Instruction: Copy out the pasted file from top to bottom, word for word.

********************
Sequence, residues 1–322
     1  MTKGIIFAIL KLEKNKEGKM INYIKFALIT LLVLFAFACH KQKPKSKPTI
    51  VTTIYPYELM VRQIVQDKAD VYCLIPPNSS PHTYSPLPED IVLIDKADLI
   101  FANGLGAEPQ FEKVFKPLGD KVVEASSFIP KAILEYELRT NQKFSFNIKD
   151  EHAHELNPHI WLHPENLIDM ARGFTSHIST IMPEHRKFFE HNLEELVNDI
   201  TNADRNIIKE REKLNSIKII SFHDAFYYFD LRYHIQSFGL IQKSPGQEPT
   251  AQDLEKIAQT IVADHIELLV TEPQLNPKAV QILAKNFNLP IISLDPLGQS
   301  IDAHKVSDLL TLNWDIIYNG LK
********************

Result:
Sequence, residues 1–322
     1  MTKGIIFAIL KLEKNKEGKM INYIKFALIT LLVLFAFACH KQKPKSKPTI
    51  VTTIYPYELM VRQIVQDKAD VYCLIPPNSS PHTYSPLPED IVLIDKADLI
   101  FANGLGAEPQ FEKVFKPLGD KVVEASSFIP KAILEYELRT NQKFSFNIKD
   151  EHAHELNPHI WLHPENLIDM ARGFTSHIST IMPEHRKFFE HNLEELVNDI
   201  TNADRNIIKE REKLNSIKII SFHDAFYYFD LRYHIQSFGL IQKSPGQEPT
   251  AQDLEKIAQT IVADHIELLV TEPQLNPKAV QILAKNFNLP IISLDPLGQS
   301  IDAHKVSDLL TLNWDIIYNG LK